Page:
Developers Burks Hamner, Vance Helm and D. Collins Gillette bought the land that would become Temple Terrace in 1920 and 1921 from the Potter Palmer family, who had been using it as a hunting preserve.

The trio began carving homesites and a golf course out of dense woods. The city of Temple Terrace, named for the Temple orange, was incorporated in 1925. Sadly, however, most of the orange trees were wiped out by freezes in the winter of 1927 and 1928. The stock market crash in 1929 put an end to most development. Growth in Temple Terrace resumed during the housing boom following World War II. And although the city is now mostly built-out, planners have revived the idea of building a downtown district.

Thonotosassa, located just east of Temple Terrace, was settled by the Seminole Indians and named for its abundant stocks of flint. With rolling hills, orange groves, mature trees and beautiful 900-acre Lake Thonotosassa, the area is drawing people seeking rural beauty near urban amenities.



Some of the region’s best beaches are in Pinellas County, stretching north 35 miles from Fort De Soto to Fred H. Howard Park in Tarpon Springs. There are 12 beachfront communities, each with its own government and its own idiosyncrasies. Here are some beach community highlights.

Fort De Soto, a county park, was chosen the best beach in the United States again in 2005 by “Dr. Beach,” a.k.a. Dr. Stephen Leatherman, a coastal scientist who issues an annual Top 10 list of beaches. The park also includes a beachfront campground where dogs are welcome.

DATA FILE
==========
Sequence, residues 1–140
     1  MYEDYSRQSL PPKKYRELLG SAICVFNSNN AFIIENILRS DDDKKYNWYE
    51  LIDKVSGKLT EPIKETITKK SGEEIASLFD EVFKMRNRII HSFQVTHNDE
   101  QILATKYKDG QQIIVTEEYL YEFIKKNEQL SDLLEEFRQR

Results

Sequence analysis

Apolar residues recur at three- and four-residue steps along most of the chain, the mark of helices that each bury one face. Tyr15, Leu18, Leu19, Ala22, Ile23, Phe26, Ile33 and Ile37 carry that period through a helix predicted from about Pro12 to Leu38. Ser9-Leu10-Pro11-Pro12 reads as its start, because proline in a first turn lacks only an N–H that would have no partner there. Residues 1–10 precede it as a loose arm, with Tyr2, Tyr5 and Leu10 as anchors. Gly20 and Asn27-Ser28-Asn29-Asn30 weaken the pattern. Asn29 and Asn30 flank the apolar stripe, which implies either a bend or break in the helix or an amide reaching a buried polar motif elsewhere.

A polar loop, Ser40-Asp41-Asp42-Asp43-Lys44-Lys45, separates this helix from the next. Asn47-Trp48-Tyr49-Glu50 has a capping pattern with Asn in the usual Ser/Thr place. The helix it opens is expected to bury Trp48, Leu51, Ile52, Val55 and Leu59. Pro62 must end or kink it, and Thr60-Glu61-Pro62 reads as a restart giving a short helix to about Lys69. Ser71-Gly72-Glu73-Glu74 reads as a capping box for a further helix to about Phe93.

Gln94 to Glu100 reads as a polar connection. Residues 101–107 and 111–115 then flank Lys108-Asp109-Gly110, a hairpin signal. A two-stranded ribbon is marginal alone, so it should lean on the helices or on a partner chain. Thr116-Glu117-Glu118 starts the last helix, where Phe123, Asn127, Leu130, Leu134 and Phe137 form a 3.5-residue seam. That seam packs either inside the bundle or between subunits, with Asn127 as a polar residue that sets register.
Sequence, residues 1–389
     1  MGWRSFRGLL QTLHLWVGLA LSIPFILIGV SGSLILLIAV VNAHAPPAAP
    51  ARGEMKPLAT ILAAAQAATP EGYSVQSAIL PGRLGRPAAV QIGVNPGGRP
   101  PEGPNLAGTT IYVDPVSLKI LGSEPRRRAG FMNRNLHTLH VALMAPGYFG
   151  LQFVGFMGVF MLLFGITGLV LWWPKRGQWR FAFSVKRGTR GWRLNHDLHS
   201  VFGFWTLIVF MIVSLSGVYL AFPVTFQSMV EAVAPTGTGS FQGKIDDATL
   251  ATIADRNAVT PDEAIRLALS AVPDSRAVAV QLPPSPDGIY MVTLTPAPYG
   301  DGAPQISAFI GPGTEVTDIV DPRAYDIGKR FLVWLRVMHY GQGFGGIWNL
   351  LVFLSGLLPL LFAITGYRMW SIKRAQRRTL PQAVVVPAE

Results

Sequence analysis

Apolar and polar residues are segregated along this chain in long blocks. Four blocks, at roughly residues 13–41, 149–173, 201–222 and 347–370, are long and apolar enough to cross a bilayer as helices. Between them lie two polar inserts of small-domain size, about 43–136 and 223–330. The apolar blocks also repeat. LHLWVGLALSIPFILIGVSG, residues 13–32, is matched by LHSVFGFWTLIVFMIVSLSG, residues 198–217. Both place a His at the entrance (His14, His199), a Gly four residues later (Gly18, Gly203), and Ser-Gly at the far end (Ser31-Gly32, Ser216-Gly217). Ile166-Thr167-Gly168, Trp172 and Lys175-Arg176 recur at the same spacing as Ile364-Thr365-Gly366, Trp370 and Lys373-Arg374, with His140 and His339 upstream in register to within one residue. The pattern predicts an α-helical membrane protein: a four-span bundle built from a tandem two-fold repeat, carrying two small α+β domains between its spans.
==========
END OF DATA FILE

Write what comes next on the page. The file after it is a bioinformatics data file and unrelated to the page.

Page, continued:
For those seeking more luxurious beachfront accommodations, head northwest to the historic Don Cesar Beach Resort, a pink confection that opened in 1928.

There are three other substantial beach parks in Pinellas County. Sand Key Park, on the tip of the Sand Key barrier island, overlooks Clearwater Pass and the Gulf of Mexico. Honeymoon Island State Recreation Area, just across the causeway from Dunedin, was originally marketed in the 1940s as a getaway for newlyweds, who were invited to ensconce themselves in quaint thatched huts.

If you’re looking to get even farther away, head to Caladesi Island. Accessible only by private boat or a ferry from Honeymoon Island, Caladesi is one of the few completely unspoiled islands left along Florida’s Gulf Coast.

Central Pinellas

While Pinellas residents play at the beaches, many live, work and shop in Central Pinellas. The cities of Seminole, Largo and Pinellas Park all seem to blend together, but their location in the middle of the Pinellas peninsula certainly makes them convenient.

Much of the county’s industrial heart is here, too. While tourism remains Pinellas’ biggest industry, manufacturing is making inroads. In fact, the county is second in the state in number of manufacturing employees.
Location has made condominiums near the west side of the Gandy Bridge popular for buyers who commute to Tampa yet want to remain close to Pinellas’ beaches and other amenities.